Black Friday & Cyber Monday: Just What the Doctor Ordered
Did you fight the masses and venture out for deals on Black Friday?
I didn’t, as I try to avoid crowds. But it appears that I was not in the majority: an estimated 212 million shoppers ventured to stores and online sites on the weekend, up from 195 million in 2009, according to the National Retail Federation.
And the shopping was not confined to Friday and the weekend. According to the market research unit IBM Coremetrics, Cyber Monday was also successful for retail online sales. Online sales surged 19.4% year-over-year, with the sale of luxury goods up 24.3% year-over-year. These are encouraging and positive signs, especially the sale of luxury goods. Clearly some consumers have money to spend, but there are many that are struggling.
The reality is that the strong sales and margins could help to drive stocks to start 2011. However, the key will be the profit margins and whether the selling is driven by heavy discounting and clearances of goods, which is not indicative of a strong retail setting.
A strong holiday sales season could drive a Santa Claus Rally extending into the New Year. Watch for the revenue readings from retailers this Thursday.
Sales heading into the holiday season also look encouraging given the stronger-than-expected Consumer Confidence Index for November. The confidence reading is critical, as it suggests consumers are positive and this could bode well for the holiday shopping season following a strong Black Friday and Cyber Monday.
It does appear a reversal may have occurred in retailing. The key is to look for same-store sales growth in retailers that sell non-essential goods. Increases here could mean consumers are spending on goods and services that are non-essential. These include electronics, appliances, furniture, autos, and other big-ticket items.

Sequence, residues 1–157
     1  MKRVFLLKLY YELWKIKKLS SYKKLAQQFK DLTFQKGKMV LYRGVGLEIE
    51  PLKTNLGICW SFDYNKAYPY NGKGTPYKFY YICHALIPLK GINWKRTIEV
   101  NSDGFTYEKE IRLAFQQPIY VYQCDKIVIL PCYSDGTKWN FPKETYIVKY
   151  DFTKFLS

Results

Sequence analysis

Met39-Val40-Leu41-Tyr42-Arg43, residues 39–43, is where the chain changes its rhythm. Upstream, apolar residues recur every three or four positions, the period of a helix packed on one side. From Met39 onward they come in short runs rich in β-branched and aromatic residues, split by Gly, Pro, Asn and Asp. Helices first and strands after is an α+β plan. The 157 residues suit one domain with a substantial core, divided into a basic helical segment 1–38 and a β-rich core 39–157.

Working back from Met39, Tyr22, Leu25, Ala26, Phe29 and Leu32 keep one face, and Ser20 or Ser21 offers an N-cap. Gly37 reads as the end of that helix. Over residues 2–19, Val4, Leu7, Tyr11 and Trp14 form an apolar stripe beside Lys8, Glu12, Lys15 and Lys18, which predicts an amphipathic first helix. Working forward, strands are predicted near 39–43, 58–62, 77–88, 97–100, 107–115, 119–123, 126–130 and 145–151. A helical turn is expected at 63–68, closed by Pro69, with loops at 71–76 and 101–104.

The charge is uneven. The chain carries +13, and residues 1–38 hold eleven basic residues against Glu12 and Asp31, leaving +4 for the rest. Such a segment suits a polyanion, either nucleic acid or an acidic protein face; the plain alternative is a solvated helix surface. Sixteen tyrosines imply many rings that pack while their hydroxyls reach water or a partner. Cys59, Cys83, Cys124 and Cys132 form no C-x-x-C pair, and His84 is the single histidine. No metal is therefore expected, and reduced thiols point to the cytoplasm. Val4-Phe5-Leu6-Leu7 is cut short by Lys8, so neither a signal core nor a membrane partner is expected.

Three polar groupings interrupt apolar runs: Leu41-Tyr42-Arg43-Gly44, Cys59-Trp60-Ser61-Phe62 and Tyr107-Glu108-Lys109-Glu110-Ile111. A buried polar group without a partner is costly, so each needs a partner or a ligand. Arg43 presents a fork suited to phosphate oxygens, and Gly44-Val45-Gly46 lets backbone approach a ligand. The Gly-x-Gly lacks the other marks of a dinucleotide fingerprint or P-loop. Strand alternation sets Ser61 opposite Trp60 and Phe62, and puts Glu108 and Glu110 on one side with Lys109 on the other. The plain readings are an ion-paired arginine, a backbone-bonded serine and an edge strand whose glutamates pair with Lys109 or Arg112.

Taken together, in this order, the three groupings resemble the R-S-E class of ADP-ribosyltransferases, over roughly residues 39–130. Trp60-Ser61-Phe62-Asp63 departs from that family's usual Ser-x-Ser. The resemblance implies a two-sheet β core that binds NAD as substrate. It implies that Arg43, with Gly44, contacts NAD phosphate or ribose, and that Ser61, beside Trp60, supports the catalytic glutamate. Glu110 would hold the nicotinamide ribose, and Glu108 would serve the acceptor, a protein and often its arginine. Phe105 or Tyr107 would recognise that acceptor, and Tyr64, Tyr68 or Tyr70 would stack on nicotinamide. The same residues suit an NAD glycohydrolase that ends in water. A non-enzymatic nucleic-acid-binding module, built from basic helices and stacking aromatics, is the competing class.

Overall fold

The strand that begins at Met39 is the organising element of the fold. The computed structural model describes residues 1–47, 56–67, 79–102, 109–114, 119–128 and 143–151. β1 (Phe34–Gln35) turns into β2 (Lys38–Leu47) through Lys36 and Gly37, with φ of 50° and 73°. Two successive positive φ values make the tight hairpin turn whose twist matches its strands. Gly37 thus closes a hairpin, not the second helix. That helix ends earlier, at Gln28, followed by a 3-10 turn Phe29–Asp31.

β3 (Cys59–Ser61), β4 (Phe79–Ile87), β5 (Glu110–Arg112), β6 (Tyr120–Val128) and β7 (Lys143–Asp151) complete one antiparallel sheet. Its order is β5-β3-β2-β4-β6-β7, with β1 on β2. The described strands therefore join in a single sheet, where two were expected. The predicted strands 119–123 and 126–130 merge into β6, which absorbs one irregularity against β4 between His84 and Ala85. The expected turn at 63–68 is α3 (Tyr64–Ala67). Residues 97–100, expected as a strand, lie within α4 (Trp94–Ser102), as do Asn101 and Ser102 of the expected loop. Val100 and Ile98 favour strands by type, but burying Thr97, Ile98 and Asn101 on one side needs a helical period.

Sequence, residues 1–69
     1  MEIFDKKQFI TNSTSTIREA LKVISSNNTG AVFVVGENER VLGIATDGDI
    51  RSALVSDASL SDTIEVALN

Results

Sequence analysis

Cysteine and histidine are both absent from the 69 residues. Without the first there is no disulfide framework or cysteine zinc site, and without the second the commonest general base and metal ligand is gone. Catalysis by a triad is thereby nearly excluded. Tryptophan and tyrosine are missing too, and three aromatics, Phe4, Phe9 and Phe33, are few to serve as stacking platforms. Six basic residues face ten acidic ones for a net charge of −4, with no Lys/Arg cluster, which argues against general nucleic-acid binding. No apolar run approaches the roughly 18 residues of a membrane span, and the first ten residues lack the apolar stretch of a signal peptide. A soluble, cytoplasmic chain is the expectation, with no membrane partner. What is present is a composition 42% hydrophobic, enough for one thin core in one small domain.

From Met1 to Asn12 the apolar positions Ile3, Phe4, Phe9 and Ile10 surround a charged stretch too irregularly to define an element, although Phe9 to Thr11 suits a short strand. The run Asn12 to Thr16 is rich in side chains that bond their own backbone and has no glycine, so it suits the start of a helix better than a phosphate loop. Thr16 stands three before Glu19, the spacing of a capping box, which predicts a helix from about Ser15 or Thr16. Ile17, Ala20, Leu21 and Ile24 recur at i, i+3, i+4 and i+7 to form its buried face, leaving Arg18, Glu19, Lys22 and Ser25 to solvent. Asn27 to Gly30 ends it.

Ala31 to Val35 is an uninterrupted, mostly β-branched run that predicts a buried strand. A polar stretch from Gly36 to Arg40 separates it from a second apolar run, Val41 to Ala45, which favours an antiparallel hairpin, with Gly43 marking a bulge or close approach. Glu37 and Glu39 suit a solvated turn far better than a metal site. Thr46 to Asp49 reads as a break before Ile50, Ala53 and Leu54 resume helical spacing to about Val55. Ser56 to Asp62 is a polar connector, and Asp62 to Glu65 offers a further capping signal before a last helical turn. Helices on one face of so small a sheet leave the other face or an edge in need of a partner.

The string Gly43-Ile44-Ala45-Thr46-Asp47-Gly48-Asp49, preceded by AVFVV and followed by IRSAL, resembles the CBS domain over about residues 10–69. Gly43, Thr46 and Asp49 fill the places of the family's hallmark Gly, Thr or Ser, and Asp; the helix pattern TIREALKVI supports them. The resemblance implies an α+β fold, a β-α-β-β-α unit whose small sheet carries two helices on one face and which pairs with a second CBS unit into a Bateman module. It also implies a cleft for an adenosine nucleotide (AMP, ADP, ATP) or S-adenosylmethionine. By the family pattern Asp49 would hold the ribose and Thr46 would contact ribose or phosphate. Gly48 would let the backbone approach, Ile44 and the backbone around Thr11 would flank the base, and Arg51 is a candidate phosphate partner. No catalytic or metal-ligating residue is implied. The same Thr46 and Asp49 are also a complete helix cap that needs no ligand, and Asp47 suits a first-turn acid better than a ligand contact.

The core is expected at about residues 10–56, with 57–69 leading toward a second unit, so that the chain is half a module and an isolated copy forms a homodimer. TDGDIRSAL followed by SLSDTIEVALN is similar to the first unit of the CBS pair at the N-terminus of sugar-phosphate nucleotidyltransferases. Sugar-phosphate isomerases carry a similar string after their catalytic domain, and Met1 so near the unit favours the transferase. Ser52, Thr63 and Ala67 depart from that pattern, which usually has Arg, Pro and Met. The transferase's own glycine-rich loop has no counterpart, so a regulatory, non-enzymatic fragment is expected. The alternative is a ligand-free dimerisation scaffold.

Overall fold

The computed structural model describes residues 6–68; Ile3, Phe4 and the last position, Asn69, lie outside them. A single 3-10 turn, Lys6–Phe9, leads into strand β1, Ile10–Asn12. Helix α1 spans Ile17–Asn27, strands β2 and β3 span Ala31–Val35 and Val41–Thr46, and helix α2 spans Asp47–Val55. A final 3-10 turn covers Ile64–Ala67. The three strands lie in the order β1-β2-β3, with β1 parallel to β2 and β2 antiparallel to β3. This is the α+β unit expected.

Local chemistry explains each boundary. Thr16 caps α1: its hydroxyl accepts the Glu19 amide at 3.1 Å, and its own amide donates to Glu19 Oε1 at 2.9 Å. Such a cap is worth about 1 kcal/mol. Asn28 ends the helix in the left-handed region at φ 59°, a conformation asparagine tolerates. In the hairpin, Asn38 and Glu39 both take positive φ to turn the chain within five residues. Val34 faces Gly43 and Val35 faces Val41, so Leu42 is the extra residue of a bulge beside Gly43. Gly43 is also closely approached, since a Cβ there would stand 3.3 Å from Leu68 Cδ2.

The uncertainty was clearly reflected in the weak Durable Goods reading, which was a disappointment and in my view worrisome. The Durable Goods Orders reading for October saw a disappointing decline of 3.3%, much worse than the negative 0.3% estimate polled by Briefing and down from the upwardly revised five percent in September. Excluding transportation, Durable Goods fell 2.7%, versus the estimate calling for a rise of 0.4%.
I’m disappointed with the Durable Goods results, which in my view continues to indicate weak demand for non-essential goods and services. Again, until we see sustained improvement in jobs and housing, there will likely continue to be problems arising,
First-time claims for the week ending November 20 were an impressive 407,000, down 34,000 from the previous week and at a two-year low. The size of the decline is incredible and totally unexpected, but can it continue in the months ahead? The improvements in the claims picture are nonetheless encouraging, but watch to see if it continues. Another few readings near 400,000 will turn heads, albeit we doubt it will happen given the continued high unemployment. For a healthy jobs market, the key level to watch for is 400,000 and below.
All eyes will be on the November non-farm payrolls this Friday, with estimates calling for the creation of 130,000 new jobs, down from 151,000 in October. While the number of jobs may decline, I like the job creation for the second straight month. The unemployment rate is expected to hold at 9.6% and is expected to be high, according to the Fed.
My favorite area in the retail space continues to be the discounters and big-box stores. The big-box stores are now selling a broad range of electronics and are adding to their product line. This will offer consumers a one-stop place for shopping. The king of cheap of course is Wal-Mart Stores Inc. (NYSE/WMT), which continues to be the best of breed in retailing due to its global footprint, massive buying ability, and discount prices.